Wednesday, April 18, 2012
Folks can disagree about the tone or content of the bishops' statement on religious liberty. I was struck, though, by this component of the "partisan" charge (noted more broadly by Mike Moreland a few days ago) from the Commonweal editors:
Religious freedom “ought not to be a partisan issue,” the bishops declare. They are absolutely right. If defending religious freedom becomes a partisan issue or, worse, an electoral ploy, it will engender enormous cynicism in an electorate in which a significant majority of voters already think religion is too politicized. Unfortunately, the bishops’ statement and proposal for public action are likely to increase that possibility. This initiative is being launched during an election year in which one party has assumed the mantle of faith and charges the other with attacking religion. The bishops need to do much more to prevent their national campaign from becoming a not-very-covert rallying point for the Republican Party and its candidates. If that happens, it is the church and the cause of religious freedom that will suffer.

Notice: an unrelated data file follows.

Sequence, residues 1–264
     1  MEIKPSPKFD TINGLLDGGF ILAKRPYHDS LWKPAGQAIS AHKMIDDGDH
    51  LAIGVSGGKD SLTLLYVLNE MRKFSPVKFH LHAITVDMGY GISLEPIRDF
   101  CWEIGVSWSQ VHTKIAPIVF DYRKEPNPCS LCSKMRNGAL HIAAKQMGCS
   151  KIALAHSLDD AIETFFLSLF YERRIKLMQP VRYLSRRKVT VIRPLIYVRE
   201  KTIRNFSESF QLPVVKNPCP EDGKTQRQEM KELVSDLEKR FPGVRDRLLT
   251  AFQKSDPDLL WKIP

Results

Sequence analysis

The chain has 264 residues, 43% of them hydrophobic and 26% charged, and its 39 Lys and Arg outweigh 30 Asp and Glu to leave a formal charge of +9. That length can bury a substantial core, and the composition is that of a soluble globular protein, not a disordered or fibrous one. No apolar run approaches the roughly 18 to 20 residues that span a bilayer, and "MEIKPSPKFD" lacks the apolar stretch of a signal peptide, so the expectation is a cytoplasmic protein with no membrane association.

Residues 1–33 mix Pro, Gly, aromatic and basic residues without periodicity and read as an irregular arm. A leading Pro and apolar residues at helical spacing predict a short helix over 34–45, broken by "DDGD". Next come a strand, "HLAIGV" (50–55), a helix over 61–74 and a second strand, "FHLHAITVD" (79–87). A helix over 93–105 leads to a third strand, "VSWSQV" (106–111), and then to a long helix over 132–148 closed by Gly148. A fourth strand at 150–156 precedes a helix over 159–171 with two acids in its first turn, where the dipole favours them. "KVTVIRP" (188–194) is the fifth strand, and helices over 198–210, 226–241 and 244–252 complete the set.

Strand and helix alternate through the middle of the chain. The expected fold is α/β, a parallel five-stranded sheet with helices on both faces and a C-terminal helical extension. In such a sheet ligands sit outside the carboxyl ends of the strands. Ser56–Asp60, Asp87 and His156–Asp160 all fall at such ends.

I'm pretty sure that the bishops would have preferred that 2012 not be a year that has seen the erosion of religious liberty on several distinct fronts. The fact that this is an election year is beside the point, and the fact that one party may have more aggressively claimed the mantle of faith (for good or for ill) does not change the facts on the ground regarding religious liberty. If the bishops take a partisan tone, that's fair game for criticism -- and I agree with the editors that the bishops' failure to flag the recent spate of anti-Sharia initiatives is a regrettable oversight -- but the fact that they saw fit to issue a statement in the same year as a presidential election is a strange objection to raise. Unless legislatures and government agencies are going to avoid actions that encroach on religious liberty in an election year, defenders of religious liberty can't take the year off. If there are specific assertions in the statement that can be construed as partisan, let's talk about them and not rely on vague references to timing as the source of a heightened -- perhaps insurmountable? -- standard for proving nonpartisanship.